Nevado Mismi

Mismi

The Amazon originates from a cliff at the Nevado Mismi, with a sole sign of a wooden cross.
Elevation 5,597 m (18,363 ft)
Location
Mismi is located in Peru
Mismi
Peru
Range Andes
Coordinates 15°31′31″S 71°41′27″W / 15.52528°S 71.69083°W / -15.52528; -71.69083Coordinates: 15°31′31″S 71°41′27″W / 15.52528°S 71.69083°W / -15.52528; -71.69083
Geology
Type Stratovolcano

Nevado Mismi is a 5,597-metre (18,363 ft) mountain peak of volcanic origin located in the Andes mountain range of Peru. A glacial stream on the Mismi was firmly identified as the most distant source of the Amazon River in 1996;[1] this finding was confirmed in 2001[2] and again in 2007.[3] The waters from Nevado Mismi flow into the Quebradas Carhuasanta and Apacheta, which flow into the Río Apurímac which is a tributary of the Ucayali which later joins the Marañón to form the Amazon proper.

Contents

Location

Nevado Mismi is about 160 km west of Lake Titicaca and 700 km southeast of Peru's capital city, Lima, in the Arequipa Region. It is one of the highest points of Colca Canyon. There are several glaciers on the peak.

The Cousteau Amazon Expedition

In 1982 Jean-Michel Cousteau led a large scale scientific exploration of the Amazon from its mouth to its origin. The “Cousteau Amazon Expedition”[4] cost eleven million dollars and culminated in a six-hour television documentary titled “Cousteau’s Amazon” released in 1983. It offered study information to last years and gave insights into the biology and geology of the largest river system on earth. This expedition was broken into three separate groups and the upper Amazon section was covered by “The Flying Expedition” tasked with exploring the upper third to Arequipa from the river's origin.

Traditionally, explorers and geographers define the origin of a river system by tracking the longest tributaries while heading upstream, as volume can change dramatically from month to month. In a system as complex as the Amazon basin with dozen of streams as candidates in previously poorly mapped areas, no consensus could plausibly be substantiated for some time, and the origin was left to speculation. Half a dozen sites claimed title to “The Origin of the Amazon“ and until 1982 several were in the running.

Using an international team of twelve and bringing in expeditionary specialists from Germany, France, Argentina, Peru and the USA, Jean-Michel Cousteau put together resources and logistics spanning a thousand miles of unknown jungle.

The Upper Amazon expedition (The Flying Expedition) included an Eastern European multi-axled reticulated Land Rover for use on land, a float plane Papagaiu, for air support and reconnaissance, and the Peruvian Air Force offered a high elevation helicopter to reach the upper levels of the Cordillera de Chilca mountain range in Peru.

Expedition support bases were established in Cuzco, in the mountains, in Arequipa on the Pacific coast, and high in the Cordillera de Chilca at Caylloma for the quest to find the origin of the Amazon. Many locations were remote, making it necessary to surmount language, terrain and logistical difficulties, as the mountain team made their way up the Río Selinque to the flanks of Nevado Mismi. At this mountain's base, Jean Michael dispatched a team of German alpinists who climbed the 18,000 foot volcano and returned in two days. During their descent, they found melt water dropping into a fissure. This cleft varied from two meters to half a meter wide, angling down the slope. This stream flowed nearly fifty meters before disappearing, emerging again lower down to flow between stones and continue its course. They discovered that within the fissure, the water was deep enough to float a small craft and realized that they were presented with an opportunity. Utilizing pack llamas, kayaker Caril Ridley was brought to the site, and in June 1982, navigating by kayak, became the first person to run the origins of the Amazon. Later expeditions refined our understanding of the river's many origins and its subsequent course to the Atlantic Ocean.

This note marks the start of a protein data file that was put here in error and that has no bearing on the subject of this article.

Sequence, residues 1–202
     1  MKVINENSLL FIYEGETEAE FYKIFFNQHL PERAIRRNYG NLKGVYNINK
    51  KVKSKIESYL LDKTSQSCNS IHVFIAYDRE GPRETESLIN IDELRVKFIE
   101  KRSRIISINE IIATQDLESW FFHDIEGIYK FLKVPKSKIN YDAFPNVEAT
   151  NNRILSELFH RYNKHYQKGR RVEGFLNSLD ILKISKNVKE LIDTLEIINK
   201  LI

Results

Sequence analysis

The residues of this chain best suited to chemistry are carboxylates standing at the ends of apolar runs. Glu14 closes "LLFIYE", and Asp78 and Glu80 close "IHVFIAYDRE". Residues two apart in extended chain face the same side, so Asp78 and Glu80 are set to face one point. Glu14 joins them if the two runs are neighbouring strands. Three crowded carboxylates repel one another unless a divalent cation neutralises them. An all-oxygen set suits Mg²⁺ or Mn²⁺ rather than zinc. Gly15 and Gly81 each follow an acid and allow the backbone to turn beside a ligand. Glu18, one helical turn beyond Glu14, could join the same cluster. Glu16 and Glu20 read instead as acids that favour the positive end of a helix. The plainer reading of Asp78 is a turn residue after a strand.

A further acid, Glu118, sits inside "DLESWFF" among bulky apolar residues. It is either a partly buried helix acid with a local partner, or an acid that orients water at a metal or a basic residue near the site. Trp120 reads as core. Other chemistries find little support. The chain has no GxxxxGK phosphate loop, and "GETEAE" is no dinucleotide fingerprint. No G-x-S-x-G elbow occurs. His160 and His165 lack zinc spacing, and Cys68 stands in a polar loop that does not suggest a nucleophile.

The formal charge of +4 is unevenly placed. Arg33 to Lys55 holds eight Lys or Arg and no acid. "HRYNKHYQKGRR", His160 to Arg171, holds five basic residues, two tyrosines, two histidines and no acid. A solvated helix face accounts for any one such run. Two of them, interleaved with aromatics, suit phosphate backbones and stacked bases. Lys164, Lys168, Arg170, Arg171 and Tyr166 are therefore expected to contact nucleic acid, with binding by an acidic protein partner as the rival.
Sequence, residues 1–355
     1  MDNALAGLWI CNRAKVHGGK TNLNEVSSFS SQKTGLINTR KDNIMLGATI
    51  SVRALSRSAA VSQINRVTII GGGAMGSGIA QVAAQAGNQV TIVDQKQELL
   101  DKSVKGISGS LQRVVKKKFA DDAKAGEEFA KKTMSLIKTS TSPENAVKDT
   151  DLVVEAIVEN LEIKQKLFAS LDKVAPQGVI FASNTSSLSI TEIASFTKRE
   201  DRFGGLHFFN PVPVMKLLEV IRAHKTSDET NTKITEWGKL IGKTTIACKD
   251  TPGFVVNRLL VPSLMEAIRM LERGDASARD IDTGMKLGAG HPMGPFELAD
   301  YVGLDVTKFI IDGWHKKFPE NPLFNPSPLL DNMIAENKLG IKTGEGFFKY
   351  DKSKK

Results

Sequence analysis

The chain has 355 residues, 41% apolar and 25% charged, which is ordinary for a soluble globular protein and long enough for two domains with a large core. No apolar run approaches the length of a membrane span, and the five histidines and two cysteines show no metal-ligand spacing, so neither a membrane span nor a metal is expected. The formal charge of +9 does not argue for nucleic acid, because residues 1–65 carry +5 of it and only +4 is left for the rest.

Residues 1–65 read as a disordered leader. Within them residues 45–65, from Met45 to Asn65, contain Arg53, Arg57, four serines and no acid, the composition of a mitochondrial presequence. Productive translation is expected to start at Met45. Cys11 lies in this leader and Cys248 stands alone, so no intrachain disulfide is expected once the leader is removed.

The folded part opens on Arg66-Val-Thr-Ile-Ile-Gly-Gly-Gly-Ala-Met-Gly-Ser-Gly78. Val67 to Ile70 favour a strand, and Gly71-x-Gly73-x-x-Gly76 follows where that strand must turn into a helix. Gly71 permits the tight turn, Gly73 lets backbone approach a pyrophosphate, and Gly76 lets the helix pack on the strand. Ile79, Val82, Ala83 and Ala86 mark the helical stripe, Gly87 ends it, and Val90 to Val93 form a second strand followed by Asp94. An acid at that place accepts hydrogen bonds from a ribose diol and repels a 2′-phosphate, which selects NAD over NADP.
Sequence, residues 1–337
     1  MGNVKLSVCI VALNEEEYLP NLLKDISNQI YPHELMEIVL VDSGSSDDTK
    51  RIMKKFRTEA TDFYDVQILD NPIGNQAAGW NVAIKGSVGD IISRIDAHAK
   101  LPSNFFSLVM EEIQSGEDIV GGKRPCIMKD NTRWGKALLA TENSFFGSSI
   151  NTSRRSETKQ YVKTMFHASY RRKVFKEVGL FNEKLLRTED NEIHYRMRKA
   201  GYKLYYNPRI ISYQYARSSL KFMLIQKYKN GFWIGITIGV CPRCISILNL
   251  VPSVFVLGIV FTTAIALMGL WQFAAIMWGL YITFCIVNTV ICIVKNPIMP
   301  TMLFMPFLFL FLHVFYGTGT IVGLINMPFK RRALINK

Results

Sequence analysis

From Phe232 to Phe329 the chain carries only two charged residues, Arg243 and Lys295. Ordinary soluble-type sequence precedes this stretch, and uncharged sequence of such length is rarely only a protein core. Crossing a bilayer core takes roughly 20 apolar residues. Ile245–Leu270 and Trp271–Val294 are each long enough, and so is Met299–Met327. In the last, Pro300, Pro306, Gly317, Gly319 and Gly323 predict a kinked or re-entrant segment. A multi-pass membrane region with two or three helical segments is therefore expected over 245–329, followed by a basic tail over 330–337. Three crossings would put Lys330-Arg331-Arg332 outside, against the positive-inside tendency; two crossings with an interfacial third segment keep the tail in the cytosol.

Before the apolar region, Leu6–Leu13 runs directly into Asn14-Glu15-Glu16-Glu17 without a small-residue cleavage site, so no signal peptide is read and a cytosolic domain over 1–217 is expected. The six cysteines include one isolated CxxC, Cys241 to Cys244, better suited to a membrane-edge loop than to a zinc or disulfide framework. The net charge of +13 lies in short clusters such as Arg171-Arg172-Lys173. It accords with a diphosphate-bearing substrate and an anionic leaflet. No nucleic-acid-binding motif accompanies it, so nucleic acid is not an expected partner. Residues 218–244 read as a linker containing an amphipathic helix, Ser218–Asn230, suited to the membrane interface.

National Geographic Society Expedition

In 2001, it was verified that the main headwater of the Amazon River has its glacial source on Nevado Mismi. An expedition of the National Geographic Society discovered that Carhuasanta stream flowing into Río Apurímac originates on the mountain's northern slopes and then runs its course through other tributaries and rivers to help form the main Amazon River. The fact that the headwaters of Río Apurímac are the source of the Amazon River was confirmed by Brazilian scientists in 2007, who pointed at Nevado Mismi as the most probable source of the Amazon.[3]

Walking the Amazon

Ed Stafford walked the length of the Amazon River, starting at Nevado Mismi, completing the journey in August 2010.

Jason Varndell, Patrick Hutton, Andrew Ellis & James Ellis form another team following the Amazon from source to sea. (http://amazonsourcetosea.wordpress.com)

See also

References

External links

  • Landscapes of the Soul - photos and story of a solo hike to the Source of the Amazon via the continental divide.



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